It is a known fact that basketball is a fast-paced game that can put players at risk for various injuries. An estimate of almost millions of cases of basketball injuries while playing this sport occurs every year.
Management of basketball injuries
The management of an ankle sprain is the RICE method (rest, ice, compression and elevation). The need to undergo an X-ray is a case-to-case basis and depends on the location and severity of the pain. Swelling and pain over the bone might require further assessment.
When a growing child sustained this injury, it might be a minor sprain or result of an injury to the growth plates positioned around the ankle which requires evaluation of a doctor.
Since basketball requires stop and go movements as well as cutting maneuvers, these puts the menisci and ligaments of the knee at risk. Injuries to the medial collateral ligament (MCL) are quite common after a direct blow to the exterior of the knee and can be managed with application of ice, bracing and steady return to activity.
Injuries to the anterior cruciate ligament (ACL) are more serious and can occur during abrupt changes in direction and landing for a jump. Even though this injury can put a halt in the activity since it requires corrective surgery, there are current techniques utilized to repair this injury so that the individual can resume play the next season.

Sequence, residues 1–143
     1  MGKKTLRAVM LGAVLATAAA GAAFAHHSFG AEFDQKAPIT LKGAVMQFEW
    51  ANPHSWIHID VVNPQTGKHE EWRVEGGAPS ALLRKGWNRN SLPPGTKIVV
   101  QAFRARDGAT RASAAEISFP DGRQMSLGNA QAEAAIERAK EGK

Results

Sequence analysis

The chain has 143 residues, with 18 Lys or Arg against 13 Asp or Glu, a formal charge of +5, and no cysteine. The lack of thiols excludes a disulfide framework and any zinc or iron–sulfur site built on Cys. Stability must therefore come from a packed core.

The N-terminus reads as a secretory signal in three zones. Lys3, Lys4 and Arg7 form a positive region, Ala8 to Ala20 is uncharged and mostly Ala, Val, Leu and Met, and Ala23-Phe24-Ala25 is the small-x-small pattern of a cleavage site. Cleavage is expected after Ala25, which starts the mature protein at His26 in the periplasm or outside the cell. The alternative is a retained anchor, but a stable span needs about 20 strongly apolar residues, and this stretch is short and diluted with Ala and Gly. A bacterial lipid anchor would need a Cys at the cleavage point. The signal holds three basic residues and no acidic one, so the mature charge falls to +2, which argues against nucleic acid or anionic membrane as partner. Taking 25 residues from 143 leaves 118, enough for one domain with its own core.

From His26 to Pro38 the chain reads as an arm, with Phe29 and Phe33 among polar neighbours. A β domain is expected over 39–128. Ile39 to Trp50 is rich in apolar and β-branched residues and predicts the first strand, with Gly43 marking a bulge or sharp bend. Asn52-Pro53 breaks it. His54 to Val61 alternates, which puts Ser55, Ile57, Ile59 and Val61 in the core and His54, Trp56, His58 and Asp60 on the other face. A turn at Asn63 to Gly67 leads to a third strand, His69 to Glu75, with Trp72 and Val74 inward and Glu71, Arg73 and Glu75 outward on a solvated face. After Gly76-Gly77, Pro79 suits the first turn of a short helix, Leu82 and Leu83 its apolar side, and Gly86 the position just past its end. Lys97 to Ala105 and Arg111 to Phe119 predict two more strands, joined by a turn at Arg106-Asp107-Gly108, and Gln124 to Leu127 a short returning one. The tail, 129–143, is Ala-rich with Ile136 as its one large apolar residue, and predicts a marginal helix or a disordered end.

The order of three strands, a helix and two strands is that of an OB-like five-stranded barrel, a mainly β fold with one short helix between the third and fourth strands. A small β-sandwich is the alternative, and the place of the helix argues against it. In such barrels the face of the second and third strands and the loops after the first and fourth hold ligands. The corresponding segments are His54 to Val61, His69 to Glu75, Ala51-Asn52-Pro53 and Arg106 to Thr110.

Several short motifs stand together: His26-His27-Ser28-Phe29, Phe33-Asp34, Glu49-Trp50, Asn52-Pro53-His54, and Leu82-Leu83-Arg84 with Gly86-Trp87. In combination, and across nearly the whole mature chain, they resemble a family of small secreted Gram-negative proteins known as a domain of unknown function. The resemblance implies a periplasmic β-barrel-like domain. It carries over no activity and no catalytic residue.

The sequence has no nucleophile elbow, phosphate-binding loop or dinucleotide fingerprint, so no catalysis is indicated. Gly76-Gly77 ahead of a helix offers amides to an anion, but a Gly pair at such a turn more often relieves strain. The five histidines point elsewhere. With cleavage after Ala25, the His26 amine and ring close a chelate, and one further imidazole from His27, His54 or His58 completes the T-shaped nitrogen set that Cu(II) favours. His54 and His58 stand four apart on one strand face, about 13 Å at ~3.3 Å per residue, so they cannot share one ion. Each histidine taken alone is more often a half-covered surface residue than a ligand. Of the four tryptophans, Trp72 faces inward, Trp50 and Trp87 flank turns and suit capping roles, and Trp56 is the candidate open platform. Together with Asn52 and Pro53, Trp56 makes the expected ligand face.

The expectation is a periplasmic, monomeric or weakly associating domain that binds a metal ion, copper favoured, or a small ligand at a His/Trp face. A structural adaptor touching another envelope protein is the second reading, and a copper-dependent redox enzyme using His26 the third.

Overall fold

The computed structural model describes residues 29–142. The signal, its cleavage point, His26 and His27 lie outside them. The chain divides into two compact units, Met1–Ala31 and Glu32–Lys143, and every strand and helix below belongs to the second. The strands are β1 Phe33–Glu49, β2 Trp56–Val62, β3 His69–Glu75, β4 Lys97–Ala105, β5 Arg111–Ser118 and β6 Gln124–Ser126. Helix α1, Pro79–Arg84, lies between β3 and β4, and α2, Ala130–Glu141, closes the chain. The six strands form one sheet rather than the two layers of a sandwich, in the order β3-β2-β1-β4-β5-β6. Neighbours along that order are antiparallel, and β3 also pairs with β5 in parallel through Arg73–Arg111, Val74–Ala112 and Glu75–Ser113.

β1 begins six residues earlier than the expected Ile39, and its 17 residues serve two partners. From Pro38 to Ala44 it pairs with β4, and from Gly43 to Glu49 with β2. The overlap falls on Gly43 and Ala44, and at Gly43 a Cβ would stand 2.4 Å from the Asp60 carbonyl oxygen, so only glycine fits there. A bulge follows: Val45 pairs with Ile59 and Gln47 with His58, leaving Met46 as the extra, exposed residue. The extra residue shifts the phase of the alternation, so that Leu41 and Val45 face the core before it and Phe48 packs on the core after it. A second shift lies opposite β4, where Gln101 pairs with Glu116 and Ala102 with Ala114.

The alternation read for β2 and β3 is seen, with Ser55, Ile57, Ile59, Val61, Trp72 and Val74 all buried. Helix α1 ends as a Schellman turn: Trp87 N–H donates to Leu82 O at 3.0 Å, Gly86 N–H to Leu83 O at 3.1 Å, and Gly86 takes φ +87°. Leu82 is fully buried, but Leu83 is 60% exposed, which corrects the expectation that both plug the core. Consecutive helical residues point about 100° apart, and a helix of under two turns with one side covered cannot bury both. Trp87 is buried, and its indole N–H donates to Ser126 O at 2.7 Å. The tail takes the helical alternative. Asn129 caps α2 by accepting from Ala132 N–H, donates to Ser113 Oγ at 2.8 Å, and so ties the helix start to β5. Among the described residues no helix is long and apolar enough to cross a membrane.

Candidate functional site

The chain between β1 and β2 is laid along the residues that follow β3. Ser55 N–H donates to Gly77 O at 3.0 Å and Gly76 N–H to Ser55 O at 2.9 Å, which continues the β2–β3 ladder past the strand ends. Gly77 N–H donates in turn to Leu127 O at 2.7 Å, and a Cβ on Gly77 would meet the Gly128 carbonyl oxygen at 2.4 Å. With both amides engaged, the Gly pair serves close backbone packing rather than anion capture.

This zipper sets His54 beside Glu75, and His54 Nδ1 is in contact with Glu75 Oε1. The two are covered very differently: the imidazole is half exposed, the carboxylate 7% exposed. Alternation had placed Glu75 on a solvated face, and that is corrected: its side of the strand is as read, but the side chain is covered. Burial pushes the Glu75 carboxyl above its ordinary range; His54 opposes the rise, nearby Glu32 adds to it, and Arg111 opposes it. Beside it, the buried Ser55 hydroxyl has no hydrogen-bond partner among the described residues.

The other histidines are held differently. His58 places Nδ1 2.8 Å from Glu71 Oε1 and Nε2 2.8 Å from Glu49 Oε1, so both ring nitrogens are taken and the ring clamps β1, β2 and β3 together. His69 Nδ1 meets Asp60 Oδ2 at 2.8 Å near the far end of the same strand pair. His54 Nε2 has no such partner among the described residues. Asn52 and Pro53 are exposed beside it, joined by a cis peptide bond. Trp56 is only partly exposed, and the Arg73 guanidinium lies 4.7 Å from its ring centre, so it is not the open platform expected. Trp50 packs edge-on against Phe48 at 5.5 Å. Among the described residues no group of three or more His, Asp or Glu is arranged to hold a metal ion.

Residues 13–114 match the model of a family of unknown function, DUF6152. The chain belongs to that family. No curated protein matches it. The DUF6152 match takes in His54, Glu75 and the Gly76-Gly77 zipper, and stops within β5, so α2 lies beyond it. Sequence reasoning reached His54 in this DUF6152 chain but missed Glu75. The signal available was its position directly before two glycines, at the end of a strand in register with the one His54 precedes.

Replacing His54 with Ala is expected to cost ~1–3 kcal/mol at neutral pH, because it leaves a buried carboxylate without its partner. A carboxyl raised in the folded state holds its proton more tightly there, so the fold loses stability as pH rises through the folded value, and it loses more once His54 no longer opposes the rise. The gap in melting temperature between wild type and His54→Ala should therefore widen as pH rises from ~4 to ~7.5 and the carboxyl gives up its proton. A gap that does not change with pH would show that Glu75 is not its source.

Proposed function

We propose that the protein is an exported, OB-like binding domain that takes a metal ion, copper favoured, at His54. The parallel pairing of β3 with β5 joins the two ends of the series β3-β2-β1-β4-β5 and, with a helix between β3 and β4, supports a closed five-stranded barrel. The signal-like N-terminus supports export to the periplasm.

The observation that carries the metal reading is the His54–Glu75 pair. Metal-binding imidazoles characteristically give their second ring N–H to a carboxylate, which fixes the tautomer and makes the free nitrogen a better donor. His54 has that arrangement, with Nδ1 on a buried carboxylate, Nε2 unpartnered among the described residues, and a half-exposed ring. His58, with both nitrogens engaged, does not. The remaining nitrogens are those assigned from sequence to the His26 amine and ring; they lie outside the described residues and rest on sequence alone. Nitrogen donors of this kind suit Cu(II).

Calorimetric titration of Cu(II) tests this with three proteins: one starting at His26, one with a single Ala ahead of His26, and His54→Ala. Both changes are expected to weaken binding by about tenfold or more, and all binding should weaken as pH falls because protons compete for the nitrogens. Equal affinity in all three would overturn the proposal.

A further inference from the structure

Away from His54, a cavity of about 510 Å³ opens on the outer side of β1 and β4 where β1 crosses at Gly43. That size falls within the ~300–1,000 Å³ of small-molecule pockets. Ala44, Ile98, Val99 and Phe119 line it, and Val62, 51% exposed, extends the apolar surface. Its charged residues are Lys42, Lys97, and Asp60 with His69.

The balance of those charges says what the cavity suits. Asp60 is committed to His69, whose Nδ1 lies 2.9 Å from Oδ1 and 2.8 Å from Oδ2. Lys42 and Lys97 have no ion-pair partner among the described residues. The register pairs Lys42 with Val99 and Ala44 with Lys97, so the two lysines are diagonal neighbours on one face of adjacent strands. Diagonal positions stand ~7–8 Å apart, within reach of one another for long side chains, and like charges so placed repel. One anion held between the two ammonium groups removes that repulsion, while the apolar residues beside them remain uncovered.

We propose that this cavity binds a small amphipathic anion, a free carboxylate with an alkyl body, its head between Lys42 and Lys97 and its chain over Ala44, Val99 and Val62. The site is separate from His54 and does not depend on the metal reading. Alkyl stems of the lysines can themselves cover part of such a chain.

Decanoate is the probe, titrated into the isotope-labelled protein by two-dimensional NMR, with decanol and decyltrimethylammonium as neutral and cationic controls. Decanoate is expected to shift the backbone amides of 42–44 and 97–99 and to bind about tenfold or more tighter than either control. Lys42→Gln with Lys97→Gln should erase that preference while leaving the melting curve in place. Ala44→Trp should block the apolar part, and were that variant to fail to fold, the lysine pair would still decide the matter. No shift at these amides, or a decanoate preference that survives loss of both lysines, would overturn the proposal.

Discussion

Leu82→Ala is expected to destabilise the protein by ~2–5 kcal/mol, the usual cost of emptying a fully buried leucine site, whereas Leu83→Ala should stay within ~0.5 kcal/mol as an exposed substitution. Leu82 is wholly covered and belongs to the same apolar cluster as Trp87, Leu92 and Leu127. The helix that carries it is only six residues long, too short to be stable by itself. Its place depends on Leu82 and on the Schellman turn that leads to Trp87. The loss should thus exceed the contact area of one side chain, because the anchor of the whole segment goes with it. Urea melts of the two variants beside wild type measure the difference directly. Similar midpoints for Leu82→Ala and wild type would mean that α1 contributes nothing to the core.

Jammed fingers are considered as common basketball injuries which occur when the ball contacts the ends of the fingers and causes evident swelling of the joints. In most cases, application of an ice pack and buddy tapping to the adjacent finger can provide relief and allow the individual to play. In case the swelling and pain persists, it requires assessment by a doctor or even an X-ray of the affected finger might be taken.
Depending on the penetration of the injury, a cut on the face might need stitches or a “butterfly” tape. The application of an ice pack can provide relief to the swelling and pain. Once all blood is removed and the wound is dressed, the individual can resume his/her play.
Deep thigh bruising
The treatment for this injury is the RICE method. There are now readily accessible girdles that are built with thigh pads in the market that can be used for added protection.
Among the different types of basketball injuries, stress fractures require a certain period of rest before the individual can return to play. This injury occurs from the rapid increase in the activity level or overtraining. Stress fractures typically occur in the foot and lower leg. In most cases, a period of immobilization and non-weight bearing is vital.
The individual can resume the sport once the stress fracture has fully healed and free from pain.